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With student loans weighing heavily on some recent graduates and stunting the financial independence of many young millennials, it's no wonder moms and dads are committed to picking up more college costs.
In fact, the number of parents saving for college is at an all-time high. About 72 percent of American families are putting money aside for their children's higher education, according to Fidelity Investment's College Savings Indicator Study. That's a 24 percent increase from 2007, the first year Fidelity started tracking college savings.
On average, parents hope to pay for 70 percent of their children's total college costs, Fidelity said.
To that end, families reported saving a median of $3,000 last year, up from $1,500 when the survey was first conducted. Many more families are also now investing in 529 plans, which offer tax-advantaged investments to pay for qualified education expenses, Fidelity found, and those parents are contributing even more — saving a median of $3,500 last year.
Altogether, 529 savings plan assets rose to a record $242.7 billion as of June 30, a 3.4 percent increase from a year ago, according to a separate report by financial research firm Strategic Insight.
The median 529 plan account balance was $14,005 in the second quarter, up from $13,067 in the period last year, Strategic Insight said — an amount that would not cover one year of current in-state expenses at a public, four-year college.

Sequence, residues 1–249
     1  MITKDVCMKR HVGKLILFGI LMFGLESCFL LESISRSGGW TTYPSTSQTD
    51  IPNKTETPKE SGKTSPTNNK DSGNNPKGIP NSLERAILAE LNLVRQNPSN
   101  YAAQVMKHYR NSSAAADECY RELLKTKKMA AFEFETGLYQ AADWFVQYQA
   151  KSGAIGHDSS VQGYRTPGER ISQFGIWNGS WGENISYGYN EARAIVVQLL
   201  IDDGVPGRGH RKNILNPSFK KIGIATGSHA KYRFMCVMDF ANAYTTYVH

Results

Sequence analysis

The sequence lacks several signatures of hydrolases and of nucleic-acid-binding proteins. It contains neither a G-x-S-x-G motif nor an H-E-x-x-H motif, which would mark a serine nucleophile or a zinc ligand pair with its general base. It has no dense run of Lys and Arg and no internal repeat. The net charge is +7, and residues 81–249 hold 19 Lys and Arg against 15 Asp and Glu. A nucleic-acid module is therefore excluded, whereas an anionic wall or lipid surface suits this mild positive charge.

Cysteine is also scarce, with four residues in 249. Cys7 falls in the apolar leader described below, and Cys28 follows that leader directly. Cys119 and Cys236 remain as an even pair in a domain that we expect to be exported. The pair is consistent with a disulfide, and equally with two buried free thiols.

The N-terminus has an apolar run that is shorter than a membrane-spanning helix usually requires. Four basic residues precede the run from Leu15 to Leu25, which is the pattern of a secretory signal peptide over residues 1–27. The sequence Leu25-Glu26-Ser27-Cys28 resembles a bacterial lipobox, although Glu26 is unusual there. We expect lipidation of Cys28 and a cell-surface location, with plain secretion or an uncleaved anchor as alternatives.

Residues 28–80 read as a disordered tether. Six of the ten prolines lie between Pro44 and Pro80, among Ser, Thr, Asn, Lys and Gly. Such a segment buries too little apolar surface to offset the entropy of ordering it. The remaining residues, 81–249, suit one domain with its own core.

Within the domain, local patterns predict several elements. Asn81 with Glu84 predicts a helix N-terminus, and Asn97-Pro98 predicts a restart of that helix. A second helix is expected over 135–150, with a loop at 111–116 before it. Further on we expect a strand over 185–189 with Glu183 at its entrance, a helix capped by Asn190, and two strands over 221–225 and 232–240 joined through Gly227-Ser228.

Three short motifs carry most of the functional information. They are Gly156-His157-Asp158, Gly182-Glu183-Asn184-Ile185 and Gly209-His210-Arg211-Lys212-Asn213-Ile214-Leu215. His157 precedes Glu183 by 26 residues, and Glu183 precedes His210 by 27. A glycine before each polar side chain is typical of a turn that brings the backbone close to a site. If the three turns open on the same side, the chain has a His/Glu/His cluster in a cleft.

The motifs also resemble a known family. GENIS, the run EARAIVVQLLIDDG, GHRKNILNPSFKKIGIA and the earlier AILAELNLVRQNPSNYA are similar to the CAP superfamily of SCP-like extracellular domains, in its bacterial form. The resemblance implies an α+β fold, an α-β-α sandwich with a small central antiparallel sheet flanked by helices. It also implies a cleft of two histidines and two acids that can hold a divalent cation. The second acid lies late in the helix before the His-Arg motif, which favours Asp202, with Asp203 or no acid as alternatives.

Despite the increase in savings, "parents, on average, are still only on track to reach less than a third of their college funding goal by the time their child heads to campus," said Keith Bernhardt, Fidelity's vice president of college planning.
To make up the difference between what parents have saved and what school actually costs, most families will have to rely on current income, grants, scholarships and loans, Bernhardt said.
Of parents with children near college age, more than half said they could have saved more each month for school, Fidelity found. Most said they could have put away at least an additional $50 a month, which would have yielded nearly $20,000 over 18 years, assuming a 6 percent rate of return.